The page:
Game review: Rungunjumpgun a nostalgic test of side-scroll skills
Prepare to lose your mind in this lo-res, two-button, 100-level old-school game that is a ‘torturously conceived journey into pure dedication and frustration’
There’s an inherent beauty in classic arcade games, and these simple experiences in which the goal is just to move forward with perfect hand-eye coordination can be strangely satisfying. You can see this in YouTube videos which show obsessive gamers complete the entire run of Sonic or Super Mario Bros. 3 in less than five minutes.
Love for nostalgic, adrenaline-filled adventures runs strong among developers, but never have we seen it so fanatically concentrated as in the perfectly named PC game RunGunJumpGun. For anyone confident in their arcade abilities, be warned: it’s far from stress-free. Despite its two-button format, crude graphics and chip-tune soundtrack, this game offers a true test of skill, a torturously conceived journey into pure dedication and frustration.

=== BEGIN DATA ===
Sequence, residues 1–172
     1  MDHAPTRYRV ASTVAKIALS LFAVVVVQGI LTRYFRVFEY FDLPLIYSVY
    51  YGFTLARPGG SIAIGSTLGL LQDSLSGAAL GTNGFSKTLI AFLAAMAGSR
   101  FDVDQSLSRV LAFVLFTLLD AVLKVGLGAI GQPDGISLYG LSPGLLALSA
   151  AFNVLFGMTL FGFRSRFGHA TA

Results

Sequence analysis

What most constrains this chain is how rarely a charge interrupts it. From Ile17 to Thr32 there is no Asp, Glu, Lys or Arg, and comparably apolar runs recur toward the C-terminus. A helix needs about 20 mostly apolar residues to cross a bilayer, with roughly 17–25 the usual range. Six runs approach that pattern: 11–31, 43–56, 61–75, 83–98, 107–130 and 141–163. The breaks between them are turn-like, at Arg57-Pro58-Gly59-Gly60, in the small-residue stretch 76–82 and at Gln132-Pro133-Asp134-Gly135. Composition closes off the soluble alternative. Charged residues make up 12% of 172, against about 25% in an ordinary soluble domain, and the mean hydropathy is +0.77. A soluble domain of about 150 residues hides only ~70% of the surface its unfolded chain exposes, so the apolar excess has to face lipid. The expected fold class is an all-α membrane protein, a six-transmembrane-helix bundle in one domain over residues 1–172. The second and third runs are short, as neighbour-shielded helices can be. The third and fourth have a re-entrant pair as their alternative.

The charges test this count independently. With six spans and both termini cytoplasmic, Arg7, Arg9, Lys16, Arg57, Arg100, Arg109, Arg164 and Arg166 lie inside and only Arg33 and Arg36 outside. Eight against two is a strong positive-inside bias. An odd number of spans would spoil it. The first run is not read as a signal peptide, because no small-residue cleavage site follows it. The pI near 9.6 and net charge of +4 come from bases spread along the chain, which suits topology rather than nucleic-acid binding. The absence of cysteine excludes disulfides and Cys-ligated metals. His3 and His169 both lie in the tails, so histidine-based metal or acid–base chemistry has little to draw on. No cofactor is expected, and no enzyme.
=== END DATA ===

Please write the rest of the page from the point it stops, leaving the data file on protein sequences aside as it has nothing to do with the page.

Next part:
It starts by following the standard side-scrolling path, kicking off with a slow series of tutorial-like levels that lull you into a false sense of confidence. And then everything falls apart. Those spikes that never moved suddenly start slashing every which way, that once-clear path is now full of barrels rolling down for a precise shot, energy beams appear out of nowhere, spaceships dart in and out at random.
Some levels might take less than a half a minute to complete, but others could potentially take you hours. There’s more than 100 stages here, each seemingly designed by a master of pure torment, and as your day job becomes inconsequential and every relationship in your life slowly falls apart, the game turns into some kind of David Cronenberg compulsive nightmare.
Latter parts of the game are an LSD trip into the absolutely bizarre, as the screen warps, gravity reverses and in the real world, combinations of agony, anger and defeat combine to the point where you may feel you’re losing your mind.
Or at least, that’s how it was for us. Who knows, you might breeze through the experience – in which case, by all means, pony up to its incredible world and dare to take the plunge. At just more then HK$50 a pop, RunGunJumpGun stands out as a brilliantly conceived indie release, so perfectly original, so stunningly creative, and yet, so maddening in its lack of easy interaction.
We hate to love it.